Staff Editorial: Anti-smoking education would be better than ban

The irony of the smoking ban on campus is obvious everywhere from Kogan Plaza to the entryways of residence halls where signs that read “Welcome to our smoke-free campus” become hazed in cigarette smoke.

When officials first instituted the smoking ban in 2013, they had good intentions. But we knew that a ban on an integrated city campus – a campus built within the city with no defining gates or enclosures – would be difficult, if not impossible, to enforce. Many people who are not students, faculty or staff pass through the Foggy Bottom campus every day, and we can’t keep them from smoking.

The ban operates on a self-policing method and sends violators with multiple infractions to the Office of the Provost, the Office of Student Rights and Responsibilities and University Human Resources. Enforcing the ban when there are no set policies for violating it in place is unrealistic.

Media Credit: Cartoon by Grace Lee
Cartoon by Grace Lee

The University wants community members to stop smoking, but the ban has proven ineffective in accomplishing that. Therefore, it’s time for officials to be more realistic and to slowly move away from the ban. While it isn’t necessary to make the transition away from the ban an official move, it just makes sense for the University to take down the signs around campus and reallocate those efforts and resources to educate people on quitting smoking. The University offers a wide array of educational tools on how to quit smoking, but the information isn’t well-advertised.

If officials were serious about the ban, then they would send every student found smoking to the Office of Student Rights and Responsibilities. But we know from walking through campus every day that it doesn’t happen. Other universities are more easily able to enforce smoking and tobacco bans because they are enclosed universities. For example, both Georgetown and American universities have smoking bans and designated smoking areas. However, GW is more integrated into a city with public streets. Not only is it inefficient to try and stop every person who smokes, it’s unrealistic.

Furthermore, the ban always seemed to be more of a public relations move or a way for the University to lower health insurance costs for faculty and staff than a true attempt to make our campus healthier. While trying to curb the amount of smoke on campus is a good idea, an outright ban isn’t the right way to handle it.

Currently, GW is partnered with the Quit For Life program, which is sponsored by the American Cancer Association Society. Quit For Life is available to all students, employees and their spouses for free. The program gives participants access to nicotine substitutes like the patch, gums and coaches who walk participants through the process. It’s great that the University gives the community access to these tools, but people likely don’t know much about them unless they search through the GW “smoke-free” website. And someone might not realize the program’s free until they read through paragraphs of information.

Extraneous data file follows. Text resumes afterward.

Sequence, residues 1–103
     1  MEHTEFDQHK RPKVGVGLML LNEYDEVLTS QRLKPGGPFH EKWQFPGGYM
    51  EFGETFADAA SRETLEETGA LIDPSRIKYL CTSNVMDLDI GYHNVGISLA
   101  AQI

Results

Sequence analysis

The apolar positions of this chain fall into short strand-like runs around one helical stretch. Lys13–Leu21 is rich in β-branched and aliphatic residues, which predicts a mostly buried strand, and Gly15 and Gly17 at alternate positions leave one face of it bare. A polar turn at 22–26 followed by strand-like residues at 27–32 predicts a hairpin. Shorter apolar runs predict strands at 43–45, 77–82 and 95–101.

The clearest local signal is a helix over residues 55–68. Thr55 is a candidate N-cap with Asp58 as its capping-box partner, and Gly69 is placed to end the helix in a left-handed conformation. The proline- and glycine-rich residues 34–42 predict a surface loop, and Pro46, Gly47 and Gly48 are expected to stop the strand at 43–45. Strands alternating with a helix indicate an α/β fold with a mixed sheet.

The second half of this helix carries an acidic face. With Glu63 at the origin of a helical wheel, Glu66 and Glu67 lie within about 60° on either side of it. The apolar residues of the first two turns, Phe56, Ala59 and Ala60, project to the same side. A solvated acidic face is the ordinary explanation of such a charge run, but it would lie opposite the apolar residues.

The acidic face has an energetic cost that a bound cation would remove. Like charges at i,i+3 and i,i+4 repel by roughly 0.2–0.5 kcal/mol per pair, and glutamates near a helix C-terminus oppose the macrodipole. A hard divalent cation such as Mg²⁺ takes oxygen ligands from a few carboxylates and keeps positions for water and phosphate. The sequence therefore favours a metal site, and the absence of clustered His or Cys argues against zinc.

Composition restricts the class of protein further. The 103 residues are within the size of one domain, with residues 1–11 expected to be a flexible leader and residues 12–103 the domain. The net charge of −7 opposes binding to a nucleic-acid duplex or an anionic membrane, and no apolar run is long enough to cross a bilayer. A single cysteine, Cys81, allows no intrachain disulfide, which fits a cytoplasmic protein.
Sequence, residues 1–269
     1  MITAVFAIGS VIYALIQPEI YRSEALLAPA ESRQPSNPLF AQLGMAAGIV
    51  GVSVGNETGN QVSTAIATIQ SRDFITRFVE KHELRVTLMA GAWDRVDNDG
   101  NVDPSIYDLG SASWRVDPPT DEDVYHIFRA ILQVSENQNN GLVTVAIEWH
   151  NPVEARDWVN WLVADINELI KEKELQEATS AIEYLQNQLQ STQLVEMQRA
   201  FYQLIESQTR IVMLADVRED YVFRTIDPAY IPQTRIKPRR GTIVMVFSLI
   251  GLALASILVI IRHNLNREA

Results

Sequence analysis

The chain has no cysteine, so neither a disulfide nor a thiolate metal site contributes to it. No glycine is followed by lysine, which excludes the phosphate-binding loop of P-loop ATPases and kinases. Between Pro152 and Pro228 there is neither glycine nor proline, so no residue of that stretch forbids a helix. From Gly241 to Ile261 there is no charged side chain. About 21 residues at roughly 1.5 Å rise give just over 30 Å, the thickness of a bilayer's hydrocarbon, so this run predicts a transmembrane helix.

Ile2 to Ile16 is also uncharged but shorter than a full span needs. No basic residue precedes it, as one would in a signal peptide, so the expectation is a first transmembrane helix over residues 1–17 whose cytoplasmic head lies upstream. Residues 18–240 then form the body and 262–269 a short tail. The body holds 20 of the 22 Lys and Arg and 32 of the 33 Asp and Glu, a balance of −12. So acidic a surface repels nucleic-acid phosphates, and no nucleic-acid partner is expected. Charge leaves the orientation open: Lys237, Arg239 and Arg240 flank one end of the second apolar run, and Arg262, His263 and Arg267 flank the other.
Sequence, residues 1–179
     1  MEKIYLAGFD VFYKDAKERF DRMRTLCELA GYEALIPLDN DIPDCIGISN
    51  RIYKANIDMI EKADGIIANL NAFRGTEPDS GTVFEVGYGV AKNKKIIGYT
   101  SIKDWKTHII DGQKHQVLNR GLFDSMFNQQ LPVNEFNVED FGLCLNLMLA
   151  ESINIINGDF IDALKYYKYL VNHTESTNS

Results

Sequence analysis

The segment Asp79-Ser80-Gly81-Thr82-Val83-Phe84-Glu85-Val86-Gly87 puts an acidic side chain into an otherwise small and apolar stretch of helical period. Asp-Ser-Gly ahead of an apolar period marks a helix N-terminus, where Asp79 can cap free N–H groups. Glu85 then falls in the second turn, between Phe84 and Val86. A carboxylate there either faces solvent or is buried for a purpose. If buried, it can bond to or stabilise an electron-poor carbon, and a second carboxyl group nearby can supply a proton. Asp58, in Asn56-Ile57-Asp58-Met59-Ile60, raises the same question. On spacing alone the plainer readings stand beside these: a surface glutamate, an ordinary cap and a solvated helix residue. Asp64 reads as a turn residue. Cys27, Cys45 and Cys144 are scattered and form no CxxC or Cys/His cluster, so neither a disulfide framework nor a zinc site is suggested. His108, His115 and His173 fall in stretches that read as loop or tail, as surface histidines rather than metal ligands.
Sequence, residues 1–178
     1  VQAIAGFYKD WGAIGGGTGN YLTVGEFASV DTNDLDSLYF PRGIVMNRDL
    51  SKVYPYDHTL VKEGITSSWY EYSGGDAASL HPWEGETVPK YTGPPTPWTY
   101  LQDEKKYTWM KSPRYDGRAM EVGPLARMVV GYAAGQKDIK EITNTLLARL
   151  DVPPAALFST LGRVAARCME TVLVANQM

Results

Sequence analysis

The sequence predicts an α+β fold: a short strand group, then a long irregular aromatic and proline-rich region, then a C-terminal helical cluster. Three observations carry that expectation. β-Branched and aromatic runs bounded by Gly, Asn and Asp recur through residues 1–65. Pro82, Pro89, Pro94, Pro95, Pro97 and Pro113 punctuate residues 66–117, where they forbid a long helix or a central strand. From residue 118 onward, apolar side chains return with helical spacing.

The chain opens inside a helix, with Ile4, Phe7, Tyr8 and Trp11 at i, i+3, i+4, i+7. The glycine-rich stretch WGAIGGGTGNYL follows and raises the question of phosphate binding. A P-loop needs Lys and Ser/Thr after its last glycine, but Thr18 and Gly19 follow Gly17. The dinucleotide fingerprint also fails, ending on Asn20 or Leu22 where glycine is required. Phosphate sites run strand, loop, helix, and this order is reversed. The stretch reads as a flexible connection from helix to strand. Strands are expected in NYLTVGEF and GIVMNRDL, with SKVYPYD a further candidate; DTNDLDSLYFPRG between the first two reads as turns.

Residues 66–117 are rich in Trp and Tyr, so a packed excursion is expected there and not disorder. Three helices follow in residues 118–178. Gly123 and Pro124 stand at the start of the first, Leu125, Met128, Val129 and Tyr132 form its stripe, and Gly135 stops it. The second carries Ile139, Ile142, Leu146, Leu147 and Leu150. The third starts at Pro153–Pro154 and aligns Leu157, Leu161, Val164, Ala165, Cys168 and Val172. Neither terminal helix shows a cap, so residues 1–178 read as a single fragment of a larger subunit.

If officials replaced every “no smoking” sign on campus with information on how to quit smoking and how to access the resources the University already offers, it’s likely that smokers would be more inclined to learn more. Of course, a sign on every corner about why and how to quit smoking isn’t going to yield huge changes. But an effort to make the ban an educational tool rather than a shaming system would be a step in the right direction. People who smoke often know it’s bad for them – shaming them for smoking in public is less likely to change their decision-making than free resources and education are.

And there are areas where the University can expand resources it already offers to help students and employees stop smoking. Mental Health Services hosts support groups for students on topics like recovering from a loss, body image and LGBT support. While there are groups offered for addiction and drug use, it would be beneficial to add a support group specifically for smokers looking to quit. Quitting smoking, like any other addiction, is a medical, physical and emotional battle. Students searching for support, or who might not be ready to quit but want to be with people who understand their battle, should have a place to go. We should empower smokers with the resources they need to quit smoking for good, and a trip to the Office of Student Rights and Responsibilities isn’t going to do that.

Smoking is a public health issue, and of course it is unfair for nonsmokers to have to deal with the side-effects of secondhand smoke. But as members of this community, we have to be realistic in combating this issue. Buying and smoking cigarettes is perfectly legal, and we don’t have gates that cut our campus off from the real world. It’s time to tackle addictions head-on through education.

The editorial board is composed of Hatchet staff members and operates separately from the newsroom. This week’s piece was written by opinions editor Melissa Holzberg and contributing opinions editor Irene Ly, based on discussions with managing director Eva Palmer, homepage editor Tyler Loveless and copy editor Melissa Schapiro.

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